Mark Reads ‘Jingo’: Part 3

In the third part of Jingo, the possible war with Klatch has set everyone on edge. Intrigued? Then it’s time for Mark to read Discworld

Trigger Warning: For extensive talk of racism and xenophobia.


Nobby and Colon

It’s not often helpful to say that all racists are fools or are “stupid” because the truth is that racism is so insidious and pervasive, it can hide within anyone, smart or not. Racism is not about intelligence. (Though there’s a link between who is considered intelligent or not. SURPRISE, RACE IS A FACTOR IN THAT.) I wanted to state that before I spoke about what Sergeant Colon does here because I didn’t want to give off the idea that I believed this.

But oh gods, Colon’s logic is downright ridiculous, and there’s a certain kind of racist who is just as hilariously terrible at arguing as Colon is. They are some of the only people I’ll discuss “controversial” issues with because at the very least, I can be entertained by their ignorance. And really, that’s the whole point: Pratchett wrote Colon as ignorant to point out how this kind of stereotyping passes on:

Sergeant Colon had had a broad education. He’d been to the School of My Dad Always Said, the College of It Stands to Reason, and was now a postgraduate student at the University of What Some Bloke In the Pub Told Me.

That’s not me or Pratchett suggesting that actually college should be mandatory or that you can’t be smart or knowledgeable without a degree. COLLEGE DROPOUT HERE, I THINK I’VE FAIRED PRETTY WELL. But there’s a willful ignorance at work here. As Nobby openly contradicts Colon’s absurd statements, he doesn’t take a moment to reflect on why he’s wrong; he just changes his tactic and maintains the same bigoted nonsense. I don’t feel the need to quote everything he says here, but I understood the point Pratchett was making. Look how quick Colon is to contradict himself. First, Klatchians are cowards who can’t handle the superior battle skills of Ankh-Morporkians, and then they’re savages who always strike first. Alcohol is a bad thing that the Klatchians invented, until Nobby points out that alcohol is pretty awesome.

Ah, the hypocrisy of racists. When I’m not actually hurt by it, it provides me with endless amusement.

“You can’t trust ’em, like I said. And they burp hugely after meals.”

“Well… so do you, sarge.”

“Yes, but I don’t pretend it’s polite, Nobby.”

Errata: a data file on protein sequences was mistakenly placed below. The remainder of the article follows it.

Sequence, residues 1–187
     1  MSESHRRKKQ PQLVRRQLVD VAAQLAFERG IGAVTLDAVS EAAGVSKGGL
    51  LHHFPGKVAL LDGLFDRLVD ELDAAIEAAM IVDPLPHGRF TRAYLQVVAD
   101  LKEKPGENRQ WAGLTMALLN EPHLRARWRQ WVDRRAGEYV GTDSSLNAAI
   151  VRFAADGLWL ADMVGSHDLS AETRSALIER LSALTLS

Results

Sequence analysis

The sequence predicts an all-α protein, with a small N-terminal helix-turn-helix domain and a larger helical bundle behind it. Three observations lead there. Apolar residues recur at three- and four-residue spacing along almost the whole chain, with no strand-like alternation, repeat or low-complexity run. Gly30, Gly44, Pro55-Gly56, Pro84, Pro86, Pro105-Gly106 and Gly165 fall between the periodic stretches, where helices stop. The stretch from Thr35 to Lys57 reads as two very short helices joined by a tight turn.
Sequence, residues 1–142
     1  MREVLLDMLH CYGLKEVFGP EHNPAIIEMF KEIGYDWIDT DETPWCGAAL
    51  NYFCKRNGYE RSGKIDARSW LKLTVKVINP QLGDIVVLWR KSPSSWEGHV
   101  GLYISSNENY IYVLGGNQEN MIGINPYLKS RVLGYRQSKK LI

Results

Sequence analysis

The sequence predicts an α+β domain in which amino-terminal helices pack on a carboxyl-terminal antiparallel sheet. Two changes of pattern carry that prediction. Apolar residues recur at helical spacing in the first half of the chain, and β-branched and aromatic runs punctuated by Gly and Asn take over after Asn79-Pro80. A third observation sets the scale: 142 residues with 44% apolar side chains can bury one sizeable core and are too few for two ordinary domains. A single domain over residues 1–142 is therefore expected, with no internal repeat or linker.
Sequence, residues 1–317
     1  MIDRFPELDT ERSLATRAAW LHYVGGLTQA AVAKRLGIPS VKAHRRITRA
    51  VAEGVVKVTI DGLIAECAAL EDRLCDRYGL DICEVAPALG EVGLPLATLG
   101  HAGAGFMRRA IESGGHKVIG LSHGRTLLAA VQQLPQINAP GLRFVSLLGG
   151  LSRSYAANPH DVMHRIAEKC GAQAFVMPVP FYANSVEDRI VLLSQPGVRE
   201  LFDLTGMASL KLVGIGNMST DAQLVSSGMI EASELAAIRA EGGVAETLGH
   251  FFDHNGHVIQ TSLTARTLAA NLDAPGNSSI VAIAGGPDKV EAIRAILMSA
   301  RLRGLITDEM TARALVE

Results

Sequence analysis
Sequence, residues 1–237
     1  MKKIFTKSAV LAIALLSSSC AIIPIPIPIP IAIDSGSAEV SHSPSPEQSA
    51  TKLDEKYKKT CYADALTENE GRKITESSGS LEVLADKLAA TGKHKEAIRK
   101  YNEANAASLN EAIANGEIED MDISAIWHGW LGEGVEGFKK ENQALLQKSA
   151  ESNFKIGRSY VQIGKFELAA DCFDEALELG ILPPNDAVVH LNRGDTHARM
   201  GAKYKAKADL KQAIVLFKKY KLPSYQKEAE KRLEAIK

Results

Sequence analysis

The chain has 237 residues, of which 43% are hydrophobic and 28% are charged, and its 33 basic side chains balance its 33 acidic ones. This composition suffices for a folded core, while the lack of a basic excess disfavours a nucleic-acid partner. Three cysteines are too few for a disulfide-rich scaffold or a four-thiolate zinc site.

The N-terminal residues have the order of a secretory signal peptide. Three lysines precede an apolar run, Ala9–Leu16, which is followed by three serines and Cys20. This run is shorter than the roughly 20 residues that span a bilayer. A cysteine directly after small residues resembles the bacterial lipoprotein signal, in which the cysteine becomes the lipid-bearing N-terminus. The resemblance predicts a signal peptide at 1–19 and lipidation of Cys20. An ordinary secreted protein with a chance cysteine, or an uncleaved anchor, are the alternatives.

“Well, it’s certainly a good job there’s you around to explain things, sarge,” said Nobby.

Yes, there’s an obvious joke to be made of this kind of double standard. But Pratchett’s provided an example of how bigotry can be passed from person-to-person without it ever seeming like that was the intent. Colon refused to be challenged on his ideas, and he passed them on to someone else. That’s pretty disturbing, no?

Letters Home

I just wanted to state again that I missed Carrot’s letters.

The New Watch

In the face of so much racial and national tension, the Watch has become a bit of an example, hasn’t it? I’ve been thinking about how odd that is because I find myself politically at odds with law enforcement and their role within the State. And yet here’s a book where the only force that’s actually attempting to break with stereotypes and injustice is a police force. Perhaps that’s an idealization on the part of Pratchett, or maybe that’s just my lens on it. I mean, it’s not like the British police force is wholly innocent of the sort of brutality that an American would assume of law enforcement, but this is also a fantasy police force that has a history of being so ignored that they couldn’t act out police violence if they wanted to because they’d be laughed out of the city.

So the Watch exists in this weird space of a power fantasy and a jarring absurdist reality, and THAT FASCINATES ME. Plus, once you factor in the reality of Vimes’s changing perceptions of people unlike him, it’s made even more complicated. In this book, Vimes wholly accepts Angua as part of the core team on the Watch, but he most certainly didn’t when she was first introduced. I see a cycle taking place: some new species or person joins the Watch, Vimes gets all “Old Man Yells At Cloud” about it, then realizes that he’s wrong, and he begrudgingly accepts them. But only begrudgingly because he doesn’t want to come off as actually nice because that would ruin his cool exterior.

In the context of Jingo, however, the acceptance in the Watch flies in the face of the uncomfortable and potentially violent atmosphere in Ankh-Morpork. A large portion of the city is ready to reject those unlike them. And look, I don’t think that will just be Klatchian folks. How long until other people are assumed to be Klatchian just for being brown? Having different customs? Religions? Speaking different languages? One thing leads to another in these situations! That’s usually the case.

Which makes me worry a great deal about Ossie Brunt. With one assassination – even if he is not on either side of this fight himself – he can set off a dangerous and terrifying war. The social climate is already primed for this sort of thing, and I wouldn’t be surprised if someone took advantage of that. Ossie is behind on rent, so did someone pay him to assassinate the politician from Klatch?

It really is the clam before the storm. Poor clam.

Mark Links Stuff

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About Mark Oshiro

Perpetually unprepared since '09.
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